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3 reasons breach victims might not want Equifax credit monitoring

Don’t be so quick to sign up for free credit monitoring from Equifax.

The company announced late Thursday that it had suffered a breach potentially affecting 143 million U.S. consumers.

“The first assumption a consumer should make is that they are affected,” said Neal Creighton, chief executive of security firm CounterTack.

Exposed data includes names, Social Security numbers, birth dates, addresses, and in some cases, driver’s license numbers, Equifax said in its announcement. The breach also compromised credit card numbers for 209,000 consumers, and dispute documents with personal identifying information for 182,000 consumers.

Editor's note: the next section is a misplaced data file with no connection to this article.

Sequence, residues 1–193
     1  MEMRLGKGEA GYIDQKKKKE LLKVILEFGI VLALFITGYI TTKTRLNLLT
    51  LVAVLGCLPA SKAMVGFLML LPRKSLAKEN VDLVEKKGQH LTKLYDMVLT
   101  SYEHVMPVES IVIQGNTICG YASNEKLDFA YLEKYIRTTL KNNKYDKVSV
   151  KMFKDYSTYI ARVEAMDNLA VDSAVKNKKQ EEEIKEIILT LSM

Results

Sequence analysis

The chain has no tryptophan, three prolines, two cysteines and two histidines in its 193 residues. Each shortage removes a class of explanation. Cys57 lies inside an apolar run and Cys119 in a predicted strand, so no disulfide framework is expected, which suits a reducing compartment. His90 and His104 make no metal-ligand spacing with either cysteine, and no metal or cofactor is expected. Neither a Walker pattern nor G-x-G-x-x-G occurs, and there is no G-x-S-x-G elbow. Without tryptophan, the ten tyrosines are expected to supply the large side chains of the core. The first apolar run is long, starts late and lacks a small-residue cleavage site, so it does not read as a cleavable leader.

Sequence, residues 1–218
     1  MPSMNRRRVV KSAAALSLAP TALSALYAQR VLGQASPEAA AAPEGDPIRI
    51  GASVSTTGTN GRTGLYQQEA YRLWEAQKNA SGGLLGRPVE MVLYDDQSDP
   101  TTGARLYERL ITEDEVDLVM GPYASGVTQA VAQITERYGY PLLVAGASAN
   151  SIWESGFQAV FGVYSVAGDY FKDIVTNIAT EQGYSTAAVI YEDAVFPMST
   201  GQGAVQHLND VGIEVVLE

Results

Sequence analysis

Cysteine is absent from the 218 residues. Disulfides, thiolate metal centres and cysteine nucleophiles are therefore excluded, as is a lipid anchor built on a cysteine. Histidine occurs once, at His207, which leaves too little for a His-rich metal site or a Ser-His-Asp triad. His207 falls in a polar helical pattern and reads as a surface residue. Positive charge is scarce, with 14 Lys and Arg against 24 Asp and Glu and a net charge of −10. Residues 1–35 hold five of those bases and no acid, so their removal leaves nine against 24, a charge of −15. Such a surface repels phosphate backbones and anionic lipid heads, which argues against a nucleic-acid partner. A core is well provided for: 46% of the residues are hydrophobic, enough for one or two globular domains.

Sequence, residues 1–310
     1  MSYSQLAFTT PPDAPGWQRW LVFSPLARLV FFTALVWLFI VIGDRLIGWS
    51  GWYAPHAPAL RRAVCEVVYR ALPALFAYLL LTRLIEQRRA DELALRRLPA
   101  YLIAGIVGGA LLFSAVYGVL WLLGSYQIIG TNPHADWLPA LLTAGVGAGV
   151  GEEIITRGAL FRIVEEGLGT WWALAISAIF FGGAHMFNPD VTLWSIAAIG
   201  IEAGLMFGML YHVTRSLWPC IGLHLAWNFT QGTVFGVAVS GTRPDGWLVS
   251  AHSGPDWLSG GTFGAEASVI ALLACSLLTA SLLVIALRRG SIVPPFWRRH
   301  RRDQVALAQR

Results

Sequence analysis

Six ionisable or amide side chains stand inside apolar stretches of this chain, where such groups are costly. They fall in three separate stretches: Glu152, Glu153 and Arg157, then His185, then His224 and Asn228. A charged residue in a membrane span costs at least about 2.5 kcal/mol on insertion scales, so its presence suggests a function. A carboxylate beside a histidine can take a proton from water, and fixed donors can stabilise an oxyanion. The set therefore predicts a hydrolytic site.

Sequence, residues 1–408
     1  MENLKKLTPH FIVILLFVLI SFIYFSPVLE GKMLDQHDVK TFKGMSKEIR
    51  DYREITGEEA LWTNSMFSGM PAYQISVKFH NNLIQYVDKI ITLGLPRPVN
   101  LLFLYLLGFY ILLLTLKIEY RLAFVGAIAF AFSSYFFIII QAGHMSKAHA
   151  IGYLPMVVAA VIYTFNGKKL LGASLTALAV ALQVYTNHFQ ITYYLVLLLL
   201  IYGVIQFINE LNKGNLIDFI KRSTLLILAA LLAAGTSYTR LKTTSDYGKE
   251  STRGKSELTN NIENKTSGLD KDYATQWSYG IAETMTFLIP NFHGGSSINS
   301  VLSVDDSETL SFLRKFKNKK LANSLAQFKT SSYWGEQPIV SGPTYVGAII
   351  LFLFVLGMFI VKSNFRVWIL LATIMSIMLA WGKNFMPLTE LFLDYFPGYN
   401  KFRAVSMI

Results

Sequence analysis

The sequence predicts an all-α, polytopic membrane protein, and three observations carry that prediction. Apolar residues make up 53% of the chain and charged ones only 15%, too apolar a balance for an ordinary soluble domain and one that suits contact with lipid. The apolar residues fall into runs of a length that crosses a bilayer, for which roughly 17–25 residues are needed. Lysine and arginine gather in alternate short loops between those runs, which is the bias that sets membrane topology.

“That’s everything an identity thief would need,” said Ryan O’Leary, vice president of the Threat Research Center at WhiteHat Security.

Consumers can check Equifax’s site EquifaxSecurity2017.com to see if they have been affected. (Be warned: Consumer advocates say the system is confusing). The company has also said it will send direct mail notices to consumers whose credit card numbers or dispute information were compromised.

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